What’s Driving Global Gas Prices?

There’s a lot to keep an eye on as a driver - the road, your mirrors, your speedometer… and, of course, the price of gasoline. This is the second post in a three-part series on what’s driving gas prices, and how you can save at the pump.

In our last post, we talked about how seasonal factors like increased demand and the switch to summer blend gasoline combine to push gas prices higher in the spring and summer than at other times of the year.

But gas prices vary even more dramatically over the years and decades, as we can see in the graph below. Why do prices rise and fall so dramatically over time, and can we ever expect a return to lower gas prices?

To answer these questions, we need to find out what affects the price of crude oil. The cost of crude oil accounts for 67% of what you pay at the pump, compared to just 12% for refining, 9% for distributing and marketing, and 12% for taxes.

Demand and Prices Rise and Fall with Economic Growth

According to the U.S. Energy Information Administration (EIA), world economic growth is the biggest factor driving demand for oil. Increased economic activity brings an increase in energy-intensive activities like manufacturing, personal and commercial transportation, and increased vehicle ownership.

Worldwide demand grew so quickly in the years leading up to 2008 that suppliers had a hard time keeping up, bringing crude oil prices to record levels and driving the U.S. average retail gas price to its record high of $4.11 per gallon in July 2008.

But by the fall of 2008, the global economy was weakening. As economic growth stalled, global petroleum demand decreased, and in December gasoline prices fell to $1.69, or $1.89 in today’s dollars.

Geopolitical Events Disrupt Supply

Oil and gas prices are also affected by events that could disrupt the supply of these materials. Sometimes these events cause supply disruptions, creating a shortage. But even just a sense of uncertainty can be enough to cause a price change.

To show just how drastically geopolitical events can affect the price of oil, the EIA provides this graph of crude oil prices with major world events since 1970 marked on the timeline. For example, the Arab oil embargo in 1973, the Iranian revolution in 1978, the Iran/Iraq war in 1980, and the Persian Gulf War in 1990 all caused crude oil shortages, and all correspond to an increase in prices.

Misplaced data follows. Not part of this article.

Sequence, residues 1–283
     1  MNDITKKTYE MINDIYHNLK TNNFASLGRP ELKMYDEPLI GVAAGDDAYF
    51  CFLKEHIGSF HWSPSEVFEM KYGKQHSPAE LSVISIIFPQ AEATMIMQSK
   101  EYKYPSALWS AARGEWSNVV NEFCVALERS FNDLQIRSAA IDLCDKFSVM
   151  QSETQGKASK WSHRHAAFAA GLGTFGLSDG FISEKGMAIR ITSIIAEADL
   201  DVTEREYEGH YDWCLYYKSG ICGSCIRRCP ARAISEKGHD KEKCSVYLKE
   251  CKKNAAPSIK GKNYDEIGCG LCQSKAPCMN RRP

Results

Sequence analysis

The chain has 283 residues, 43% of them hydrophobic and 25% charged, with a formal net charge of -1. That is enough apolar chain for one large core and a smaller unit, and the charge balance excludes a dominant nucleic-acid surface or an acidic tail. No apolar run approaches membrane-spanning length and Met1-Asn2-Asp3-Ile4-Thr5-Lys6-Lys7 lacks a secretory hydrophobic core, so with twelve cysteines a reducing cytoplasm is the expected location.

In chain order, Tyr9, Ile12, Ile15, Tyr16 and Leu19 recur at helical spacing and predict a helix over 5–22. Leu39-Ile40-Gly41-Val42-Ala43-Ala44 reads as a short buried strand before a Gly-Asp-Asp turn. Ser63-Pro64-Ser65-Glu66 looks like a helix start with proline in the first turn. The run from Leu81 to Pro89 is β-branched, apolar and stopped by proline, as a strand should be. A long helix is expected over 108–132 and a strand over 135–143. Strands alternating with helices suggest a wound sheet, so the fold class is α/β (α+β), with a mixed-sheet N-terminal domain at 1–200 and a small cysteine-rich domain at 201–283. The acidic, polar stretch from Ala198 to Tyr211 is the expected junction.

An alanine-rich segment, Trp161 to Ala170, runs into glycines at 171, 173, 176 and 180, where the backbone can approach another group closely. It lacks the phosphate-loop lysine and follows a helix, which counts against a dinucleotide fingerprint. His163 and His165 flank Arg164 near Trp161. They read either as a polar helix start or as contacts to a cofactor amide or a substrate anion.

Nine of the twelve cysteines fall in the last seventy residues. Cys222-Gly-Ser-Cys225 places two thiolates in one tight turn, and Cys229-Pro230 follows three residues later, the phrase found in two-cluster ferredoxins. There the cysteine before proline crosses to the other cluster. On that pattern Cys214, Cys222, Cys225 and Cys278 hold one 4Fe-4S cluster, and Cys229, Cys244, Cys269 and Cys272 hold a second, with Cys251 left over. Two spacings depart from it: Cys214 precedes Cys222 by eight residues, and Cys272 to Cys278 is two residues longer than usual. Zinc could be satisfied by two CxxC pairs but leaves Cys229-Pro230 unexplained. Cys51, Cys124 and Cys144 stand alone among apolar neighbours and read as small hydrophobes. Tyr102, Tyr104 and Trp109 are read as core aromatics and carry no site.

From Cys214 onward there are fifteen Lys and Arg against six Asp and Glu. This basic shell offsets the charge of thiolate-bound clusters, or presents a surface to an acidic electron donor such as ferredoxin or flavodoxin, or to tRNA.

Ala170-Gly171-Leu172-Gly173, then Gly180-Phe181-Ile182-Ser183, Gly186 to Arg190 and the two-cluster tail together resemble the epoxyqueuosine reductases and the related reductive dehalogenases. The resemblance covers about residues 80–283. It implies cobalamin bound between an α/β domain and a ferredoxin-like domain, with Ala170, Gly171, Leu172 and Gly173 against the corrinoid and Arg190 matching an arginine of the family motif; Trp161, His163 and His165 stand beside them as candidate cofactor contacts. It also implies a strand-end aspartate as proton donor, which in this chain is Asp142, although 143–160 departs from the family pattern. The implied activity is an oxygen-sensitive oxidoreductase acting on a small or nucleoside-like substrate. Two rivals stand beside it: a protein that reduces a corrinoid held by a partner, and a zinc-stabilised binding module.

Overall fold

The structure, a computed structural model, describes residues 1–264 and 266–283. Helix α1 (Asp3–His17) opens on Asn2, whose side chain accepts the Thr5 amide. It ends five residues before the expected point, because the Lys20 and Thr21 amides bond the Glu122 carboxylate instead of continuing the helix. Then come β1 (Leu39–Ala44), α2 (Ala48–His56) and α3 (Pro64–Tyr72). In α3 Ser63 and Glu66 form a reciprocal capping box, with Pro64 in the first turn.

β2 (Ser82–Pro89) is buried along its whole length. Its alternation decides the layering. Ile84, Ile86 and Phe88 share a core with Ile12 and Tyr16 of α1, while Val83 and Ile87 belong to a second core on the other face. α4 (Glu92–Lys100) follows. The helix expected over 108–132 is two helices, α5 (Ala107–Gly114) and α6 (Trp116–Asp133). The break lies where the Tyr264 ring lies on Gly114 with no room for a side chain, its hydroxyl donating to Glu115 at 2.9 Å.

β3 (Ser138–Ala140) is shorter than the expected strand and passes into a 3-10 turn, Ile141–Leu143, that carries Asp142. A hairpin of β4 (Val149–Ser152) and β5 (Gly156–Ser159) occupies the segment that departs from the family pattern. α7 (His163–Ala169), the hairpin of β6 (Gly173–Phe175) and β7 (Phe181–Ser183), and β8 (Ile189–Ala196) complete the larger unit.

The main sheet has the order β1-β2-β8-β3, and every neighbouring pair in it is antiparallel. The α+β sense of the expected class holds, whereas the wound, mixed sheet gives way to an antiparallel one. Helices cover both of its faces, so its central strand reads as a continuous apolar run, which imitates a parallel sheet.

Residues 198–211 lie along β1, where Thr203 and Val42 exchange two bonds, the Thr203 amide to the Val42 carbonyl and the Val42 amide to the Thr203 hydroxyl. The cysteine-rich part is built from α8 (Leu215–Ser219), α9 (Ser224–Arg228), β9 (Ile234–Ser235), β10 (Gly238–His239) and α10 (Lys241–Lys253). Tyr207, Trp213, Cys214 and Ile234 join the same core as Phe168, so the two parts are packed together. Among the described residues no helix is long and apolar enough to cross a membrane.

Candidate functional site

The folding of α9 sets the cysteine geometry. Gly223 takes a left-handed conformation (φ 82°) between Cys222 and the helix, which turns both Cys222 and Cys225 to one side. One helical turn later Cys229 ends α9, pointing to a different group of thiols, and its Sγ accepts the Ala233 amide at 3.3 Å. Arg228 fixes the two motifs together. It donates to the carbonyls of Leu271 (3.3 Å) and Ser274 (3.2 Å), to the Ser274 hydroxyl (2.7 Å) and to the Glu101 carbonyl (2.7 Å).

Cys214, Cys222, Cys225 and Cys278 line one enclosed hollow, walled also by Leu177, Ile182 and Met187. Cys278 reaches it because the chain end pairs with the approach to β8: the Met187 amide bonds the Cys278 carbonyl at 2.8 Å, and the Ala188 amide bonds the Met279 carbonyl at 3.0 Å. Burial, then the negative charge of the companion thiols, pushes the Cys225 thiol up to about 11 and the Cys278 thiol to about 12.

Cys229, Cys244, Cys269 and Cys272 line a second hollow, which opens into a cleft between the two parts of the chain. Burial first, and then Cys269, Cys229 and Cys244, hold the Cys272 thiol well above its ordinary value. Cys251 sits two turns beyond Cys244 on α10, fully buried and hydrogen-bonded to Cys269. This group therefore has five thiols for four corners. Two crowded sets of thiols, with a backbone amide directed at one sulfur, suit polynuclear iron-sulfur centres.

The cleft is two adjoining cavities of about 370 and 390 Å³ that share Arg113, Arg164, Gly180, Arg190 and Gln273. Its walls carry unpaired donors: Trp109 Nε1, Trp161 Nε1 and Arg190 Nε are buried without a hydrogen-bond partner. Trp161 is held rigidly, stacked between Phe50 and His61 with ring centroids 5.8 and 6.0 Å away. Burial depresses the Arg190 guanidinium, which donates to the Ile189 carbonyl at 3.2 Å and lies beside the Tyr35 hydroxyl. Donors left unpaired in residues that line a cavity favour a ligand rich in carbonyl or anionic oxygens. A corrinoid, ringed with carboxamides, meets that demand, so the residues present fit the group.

This summer, increasing tensions between Russia and Ukraine could threaten the movement of Russian natural gas and petroleum products through Ukraine and into Europe, and may cause an increase in prices.

OPEC Manages the Oil Market

The twelve member countries of the Organization of the Petroleum Exporting Countries (OPEC) produce more than 40% of the world’s crude oil, and hold at least two-thirds of the world’s estimated crude oil reserves, according to the EIA.

Because of this, OPEC can exert significant influence on oil prices by setting production targets for its member countries. Lower production targets typically mean an increase in oil prices.

OPEC countries also have "spare production capacity" - the ability to bring oil into production within 30 days and sustain it for at least 90 days. Spare production capacity provides a cushion for fluctuations in supply. When spare capacity is low, the market is less able to respond to potential supply disruptions, and oil prices tend to rise.

U.S. Oil Production and Exports Increasing, But No Return to $2.00 Gas

In the last presidential election cycle, candidates argued back and forth over the reasons behind high gas prices and how best to lower them. The idea was put forth that by increasing domestic oil production, we could get back to the low gas prices we had in 2008 in the midst of the Great Recession.

U.S. oil production is now climbing at its fastest pace since the late 1960’s. According to the EIA’s most recent report, oil production is expected to rise to its highest annual level since 1972 next year. With such a booming business, drivers may be hoping for relief at the pump.

Unfortunately, the experts at AAA say we’re in for disappointment.

Many U.S. refineries are sending their products overseas, to countries like Mexico and Brazil, where demand is rising and prices are better - total U.S. petroleum exports are up 25% compared with last year, and is expected to become a net fuel exporter by 2015. As a result, the supply available in the U.S. is relatively low, and prices remain high.

The possibility was even raised this week that the U.S. could start to export the crude oil it produces, which has been prohibited since the 1970s. While concerns persist that allowing crude oil exports could cause gas prices in the U.S. to climb, U.S. Energy Secretary Ernest Moniz has said that the nature and quantity of the oil we’re producing “may not be well-matched to our current refinery capacity."

Looking for More Information?

The EIA provides a detailed analysis of what drives crude oil markets, with data updated monthly. You can also check out data on energy produced and consumed in specific countries or U.S. states.